Holotype. SAIAB 82217View Materials, male, 82 mm SL, WIO, Mozambique, off Beira , 19˚56.17’ S, 35˚47.16’ E, RV Dr. F. Nansen, bottom trawl, 47 m depth; collectors Phil & Elaine Heemstra, 21 Oct 2007 (fresh-colour photo).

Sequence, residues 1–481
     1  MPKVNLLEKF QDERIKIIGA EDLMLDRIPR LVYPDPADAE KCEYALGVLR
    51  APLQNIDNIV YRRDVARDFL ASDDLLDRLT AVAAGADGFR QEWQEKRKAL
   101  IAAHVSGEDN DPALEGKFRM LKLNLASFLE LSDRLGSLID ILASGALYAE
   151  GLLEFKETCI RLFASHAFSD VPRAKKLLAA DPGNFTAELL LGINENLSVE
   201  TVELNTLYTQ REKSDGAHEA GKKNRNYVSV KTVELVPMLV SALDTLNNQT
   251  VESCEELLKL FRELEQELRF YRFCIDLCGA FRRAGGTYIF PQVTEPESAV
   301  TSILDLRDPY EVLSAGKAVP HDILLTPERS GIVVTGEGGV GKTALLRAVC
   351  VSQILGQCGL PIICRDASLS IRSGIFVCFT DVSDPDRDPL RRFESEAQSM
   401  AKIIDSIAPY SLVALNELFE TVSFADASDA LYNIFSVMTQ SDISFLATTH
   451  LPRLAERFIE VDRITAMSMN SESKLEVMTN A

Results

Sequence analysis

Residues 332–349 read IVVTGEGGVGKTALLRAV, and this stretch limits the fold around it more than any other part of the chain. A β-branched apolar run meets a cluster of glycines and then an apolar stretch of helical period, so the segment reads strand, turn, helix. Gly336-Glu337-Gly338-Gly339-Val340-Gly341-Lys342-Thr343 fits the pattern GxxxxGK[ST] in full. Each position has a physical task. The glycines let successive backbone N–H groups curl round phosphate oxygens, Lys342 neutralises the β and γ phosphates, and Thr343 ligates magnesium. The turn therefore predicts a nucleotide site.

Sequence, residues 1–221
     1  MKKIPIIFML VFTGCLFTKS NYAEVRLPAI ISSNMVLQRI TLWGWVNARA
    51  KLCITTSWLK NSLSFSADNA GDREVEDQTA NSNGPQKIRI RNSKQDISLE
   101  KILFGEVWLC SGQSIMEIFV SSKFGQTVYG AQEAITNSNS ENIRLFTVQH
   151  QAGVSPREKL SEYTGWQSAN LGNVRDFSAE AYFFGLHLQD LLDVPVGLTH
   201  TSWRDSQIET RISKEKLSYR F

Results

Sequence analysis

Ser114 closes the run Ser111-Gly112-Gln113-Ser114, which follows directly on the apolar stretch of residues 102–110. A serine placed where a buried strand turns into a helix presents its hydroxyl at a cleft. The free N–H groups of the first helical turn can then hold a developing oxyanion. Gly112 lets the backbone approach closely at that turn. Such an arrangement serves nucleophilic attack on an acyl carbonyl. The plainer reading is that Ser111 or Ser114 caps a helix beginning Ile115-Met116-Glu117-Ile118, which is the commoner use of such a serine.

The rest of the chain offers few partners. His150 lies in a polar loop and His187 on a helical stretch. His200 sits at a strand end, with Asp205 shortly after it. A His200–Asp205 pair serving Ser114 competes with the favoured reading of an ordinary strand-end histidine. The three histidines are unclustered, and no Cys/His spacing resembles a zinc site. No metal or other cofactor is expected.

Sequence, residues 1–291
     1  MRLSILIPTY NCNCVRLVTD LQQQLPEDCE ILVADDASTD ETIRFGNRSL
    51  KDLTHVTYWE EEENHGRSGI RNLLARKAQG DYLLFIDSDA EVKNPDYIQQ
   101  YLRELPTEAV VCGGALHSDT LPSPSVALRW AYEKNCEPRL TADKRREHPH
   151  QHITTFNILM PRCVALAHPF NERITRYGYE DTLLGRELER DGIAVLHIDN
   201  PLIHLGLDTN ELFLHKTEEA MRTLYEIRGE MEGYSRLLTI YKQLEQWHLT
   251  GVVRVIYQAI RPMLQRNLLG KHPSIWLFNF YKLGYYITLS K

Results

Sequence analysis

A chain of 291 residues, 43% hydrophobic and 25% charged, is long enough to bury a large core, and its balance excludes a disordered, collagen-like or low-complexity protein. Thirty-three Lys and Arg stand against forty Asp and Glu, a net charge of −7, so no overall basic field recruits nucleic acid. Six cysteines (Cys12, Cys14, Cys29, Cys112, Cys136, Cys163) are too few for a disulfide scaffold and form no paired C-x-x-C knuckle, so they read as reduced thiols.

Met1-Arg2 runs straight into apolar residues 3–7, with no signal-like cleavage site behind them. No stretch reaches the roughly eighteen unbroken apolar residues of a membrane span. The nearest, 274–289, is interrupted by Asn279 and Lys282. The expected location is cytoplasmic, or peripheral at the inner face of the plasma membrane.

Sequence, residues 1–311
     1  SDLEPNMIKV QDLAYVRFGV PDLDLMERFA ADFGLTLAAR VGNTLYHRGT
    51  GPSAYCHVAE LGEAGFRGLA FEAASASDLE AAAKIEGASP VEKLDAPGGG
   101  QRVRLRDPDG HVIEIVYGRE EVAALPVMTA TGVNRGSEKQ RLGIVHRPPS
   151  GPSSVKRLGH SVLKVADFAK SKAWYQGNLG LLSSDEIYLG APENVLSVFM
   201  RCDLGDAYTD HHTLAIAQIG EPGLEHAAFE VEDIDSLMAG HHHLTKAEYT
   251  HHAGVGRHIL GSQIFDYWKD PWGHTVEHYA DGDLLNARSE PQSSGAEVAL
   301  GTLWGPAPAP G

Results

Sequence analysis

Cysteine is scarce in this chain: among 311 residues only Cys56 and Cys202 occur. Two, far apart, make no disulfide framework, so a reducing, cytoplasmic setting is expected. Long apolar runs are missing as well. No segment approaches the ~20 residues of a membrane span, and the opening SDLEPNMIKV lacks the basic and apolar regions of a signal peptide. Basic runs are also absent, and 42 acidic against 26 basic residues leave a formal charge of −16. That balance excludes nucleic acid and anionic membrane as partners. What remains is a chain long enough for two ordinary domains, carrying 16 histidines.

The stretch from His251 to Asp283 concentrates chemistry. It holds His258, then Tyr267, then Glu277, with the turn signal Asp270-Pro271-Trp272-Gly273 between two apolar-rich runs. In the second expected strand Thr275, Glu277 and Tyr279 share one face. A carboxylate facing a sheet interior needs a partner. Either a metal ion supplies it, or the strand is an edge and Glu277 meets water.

Paratypes. (20 adults: 67–124 mm SL; 1 fresh-colour photo). WIO, Somalia: USNM 396092View Materials, PT, 124 mm SL, off Bargaal, 11°14’ N, 51°08’ EGoogleMaps  ; Kenya: SAIAB 82817View Materials, 5View Materials: 89–110 mm SL, off Kipini , 02°38’ S, 40°28’ E, RV Dr. F. Nansen, bottom trawl, 11–12 m depthGoogleMaps  ; Mozambique: SAIAB 82209View Materials, 89View Materials mm SL, off Beira , 19°47.45’ S, 35°30.73’ E, RV Dr. F. Nansen, bottom trawl, 28 m depthGoogleMaps  ; SAIAB 82814View Materials, 2View Materials: 89–97 mm SL, same collecting data as holotype (fresh-colour photo)  ; Madagascar: SAIAB 82815View Materials, 11View Materials: 67–94 mm SL, Tsimipaika Bay , 8–12 m depth  .